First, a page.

Doors opened at Jacaranda Cultural Centre (JCC) in Blantyre on Thursday evening for the second edition of the Malawi Lero Art Exhibition.
The expansive JCC gallery was beautifully dressed with breathtaking and meticulously created paintings which captured a variety of the country’s stories in image form. The paintings told stories about Malawi’s escarpments, the smiles of its people, craft and environment.
Visual Arts of Malawi vice-president Gilbert Mpakule thanked JCC for providing space for the artists to showcase since Malawi has few galleries where such exhibitions can be mounted.
He said their movement has also considered the inclusion of up-and-coming artists as they attempt to take them through the importance of telling stories through images and also preservation of the country’s culture.
“We have made our best efforts to capture a variety of facets and present them in the most honest manner possible. It is now up to the people to interpret and make judgement on their own. What we have done is a portrayal of the visual aspect of it,” he said.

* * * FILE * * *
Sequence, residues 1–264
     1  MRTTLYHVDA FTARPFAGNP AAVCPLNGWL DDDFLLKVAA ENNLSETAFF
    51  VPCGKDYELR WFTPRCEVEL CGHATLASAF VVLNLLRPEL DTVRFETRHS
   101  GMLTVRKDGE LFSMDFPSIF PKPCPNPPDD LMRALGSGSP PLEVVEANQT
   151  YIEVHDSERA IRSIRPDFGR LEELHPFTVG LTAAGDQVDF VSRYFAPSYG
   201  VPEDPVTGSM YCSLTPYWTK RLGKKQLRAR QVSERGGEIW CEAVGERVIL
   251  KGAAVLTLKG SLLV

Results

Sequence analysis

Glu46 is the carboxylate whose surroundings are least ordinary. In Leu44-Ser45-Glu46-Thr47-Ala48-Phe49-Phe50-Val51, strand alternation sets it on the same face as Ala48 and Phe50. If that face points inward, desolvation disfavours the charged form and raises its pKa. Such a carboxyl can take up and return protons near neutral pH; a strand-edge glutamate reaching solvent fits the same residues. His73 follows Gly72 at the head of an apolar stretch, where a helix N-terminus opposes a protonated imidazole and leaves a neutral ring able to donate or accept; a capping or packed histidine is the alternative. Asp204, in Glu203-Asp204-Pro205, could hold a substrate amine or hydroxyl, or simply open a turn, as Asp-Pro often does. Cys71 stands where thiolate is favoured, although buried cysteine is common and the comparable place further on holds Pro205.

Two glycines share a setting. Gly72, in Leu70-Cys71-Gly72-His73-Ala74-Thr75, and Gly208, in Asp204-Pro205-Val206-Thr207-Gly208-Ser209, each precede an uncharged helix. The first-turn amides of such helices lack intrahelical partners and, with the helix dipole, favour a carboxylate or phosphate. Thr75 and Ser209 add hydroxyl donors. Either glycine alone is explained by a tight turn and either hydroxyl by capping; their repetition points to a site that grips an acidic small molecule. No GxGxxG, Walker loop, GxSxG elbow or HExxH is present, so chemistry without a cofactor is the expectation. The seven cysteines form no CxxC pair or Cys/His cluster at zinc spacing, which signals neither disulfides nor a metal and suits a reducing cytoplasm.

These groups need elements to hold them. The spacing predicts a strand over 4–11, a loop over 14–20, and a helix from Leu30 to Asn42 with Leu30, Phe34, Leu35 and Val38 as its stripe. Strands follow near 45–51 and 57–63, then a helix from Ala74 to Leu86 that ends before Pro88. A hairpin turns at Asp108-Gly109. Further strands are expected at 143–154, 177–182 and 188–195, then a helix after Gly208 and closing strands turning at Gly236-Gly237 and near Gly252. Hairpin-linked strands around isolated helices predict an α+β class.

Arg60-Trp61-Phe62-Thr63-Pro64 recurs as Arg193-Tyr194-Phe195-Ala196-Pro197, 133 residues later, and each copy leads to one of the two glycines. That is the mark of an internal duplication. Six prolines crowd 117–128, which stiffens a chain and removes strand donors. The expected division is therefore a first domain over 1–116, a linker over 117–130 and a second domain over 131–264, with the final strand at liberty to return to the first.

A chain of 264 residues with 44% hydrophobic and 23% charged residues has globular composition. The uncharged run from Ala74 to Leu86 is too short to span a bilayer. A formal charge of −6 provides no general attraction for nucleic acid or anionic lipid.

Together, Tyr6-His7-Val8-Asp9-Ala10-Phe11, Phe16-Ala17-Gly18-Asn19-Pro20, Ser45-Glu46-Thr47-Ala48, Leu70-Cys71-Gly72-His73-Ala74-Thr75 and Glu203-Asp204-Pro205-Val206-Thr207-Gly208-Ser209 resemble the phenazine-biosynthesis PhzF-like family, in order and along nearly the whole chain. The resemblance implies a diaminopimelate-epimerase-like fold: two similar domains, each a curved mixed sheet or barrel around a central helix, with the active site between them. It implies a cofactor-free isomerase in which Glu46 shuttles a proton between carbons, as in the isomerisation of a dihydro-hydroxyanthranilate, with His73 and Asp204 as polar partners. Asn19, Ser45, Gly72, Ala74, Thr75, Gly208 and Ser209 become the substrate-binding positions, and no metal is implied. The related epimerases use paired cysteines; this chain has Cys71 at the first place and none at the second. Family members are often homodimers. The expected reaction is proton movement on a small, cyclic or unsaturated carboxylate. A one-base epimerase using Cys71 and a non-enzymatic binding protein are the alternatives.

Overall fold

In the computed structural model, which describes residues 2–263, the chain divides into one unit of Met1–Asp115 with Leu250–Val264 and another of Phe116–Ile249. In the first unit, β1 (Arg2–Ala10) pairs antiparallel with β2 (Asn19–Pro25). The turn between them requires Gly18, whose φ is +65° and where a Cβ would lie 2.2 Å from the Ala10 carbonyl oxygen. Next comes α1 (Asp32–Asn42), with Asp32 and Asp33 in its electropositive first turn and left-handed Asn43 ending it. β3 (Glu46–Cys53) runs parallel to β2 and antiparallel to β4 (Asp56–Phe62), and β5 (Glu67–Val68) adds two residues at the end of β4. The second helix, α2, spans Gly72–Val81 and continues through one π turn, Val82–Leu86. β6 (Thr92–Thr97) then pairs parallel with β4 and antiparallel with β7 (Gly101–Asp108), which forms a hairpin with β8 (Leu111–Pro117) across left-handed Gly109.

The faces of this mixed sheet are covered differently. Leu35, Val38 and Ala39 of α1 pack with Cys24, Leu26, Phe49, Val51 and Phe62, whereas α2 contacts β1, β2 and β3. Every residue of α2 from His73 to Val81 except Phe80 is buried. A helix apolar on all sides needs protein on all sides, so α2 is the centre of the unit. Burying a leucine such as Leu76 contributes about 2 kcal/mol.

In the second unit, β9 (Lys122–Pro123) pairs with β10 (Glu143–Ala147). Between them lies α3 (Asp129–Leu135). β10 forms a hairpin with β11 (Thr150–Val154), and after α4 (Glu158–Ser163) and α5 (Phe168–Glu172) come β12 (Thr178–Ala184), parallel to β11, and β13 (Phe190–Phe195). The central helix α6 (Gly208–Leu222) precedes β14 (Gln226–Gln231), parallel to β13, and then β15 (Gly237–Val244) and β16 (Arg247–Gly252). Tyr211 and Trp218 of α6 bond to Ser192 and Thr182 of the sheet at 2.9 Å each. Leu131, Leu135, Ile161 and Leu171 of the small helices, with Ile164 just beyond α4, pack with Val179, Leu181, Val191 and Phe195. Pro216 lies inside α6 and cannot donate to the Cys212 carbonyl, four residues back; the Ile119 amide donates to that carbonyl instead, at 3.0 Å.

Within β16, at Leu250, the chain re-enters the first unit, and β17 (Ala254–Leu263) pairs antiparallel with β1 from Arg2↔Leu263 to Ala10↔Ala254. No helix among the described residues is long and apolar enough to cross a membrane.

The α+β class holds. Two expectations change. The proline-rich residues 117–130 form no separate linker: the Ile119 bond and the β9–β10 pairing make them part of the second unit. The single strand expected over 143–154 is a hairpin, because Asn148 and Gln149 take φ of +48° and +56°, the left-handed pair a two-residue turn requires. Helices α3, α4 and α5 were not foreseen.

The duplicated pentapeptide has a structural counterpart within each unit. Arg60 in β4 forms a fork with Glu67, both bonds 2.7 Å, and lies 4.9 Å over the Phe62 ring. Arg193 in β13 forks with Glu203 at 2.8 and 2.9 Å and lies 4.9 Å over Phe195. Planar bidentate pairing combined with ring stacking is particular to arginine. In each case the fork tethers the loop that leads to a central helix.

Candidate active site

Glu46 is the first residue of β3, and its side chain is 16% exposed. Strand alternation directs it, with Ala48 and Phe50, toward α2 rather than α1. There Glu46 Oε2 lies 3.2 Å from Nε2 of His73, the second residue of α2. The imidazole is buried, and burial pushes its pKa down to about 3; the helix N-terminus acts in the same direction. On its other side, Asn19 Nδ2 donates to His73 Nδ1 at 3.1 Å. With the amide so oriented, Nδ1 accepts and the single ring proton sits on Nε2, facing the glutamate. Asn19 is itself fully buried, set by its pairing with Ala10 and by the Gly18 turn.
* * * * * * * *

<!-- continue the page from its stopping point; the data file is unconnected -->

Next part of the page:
He appealed to organisations and individuals who have interest in visual arts to come forward to help them with a platform where they can express themselves.
JCC deputy director Constance Thyangathyanga said one of their primary goals remains promotion of arts and giving a platform to all those who possess the required potential.
She said: “We are many things, but we have a vision of a world which can sustain the arts and provide a platform for opportunities in arts and culture. Exhibitions such as these are great for the artists.”
Thyangathyanga said above everything else, opportunities like these provide a creative challenge to the artists for them to exercise their skills.
The art exhibition preceded the usual sounds of Malawi acoustic night which is held at the place every Thursday evening. Up-and-coming acoustic artist Alex Chapinda was the toast of the night with a catchy performance on his guitar. He performed his songs such as Sitima and Pa UkwatiWanga.
The Malawi Lero project began in 2017 when it held its first exhibition at the same venue. This year, the exhibition features works from 16 craftsmen. It has names such as William Chikomo, Kondwani Hara, Charles Levison, and Andrew Missi, among others.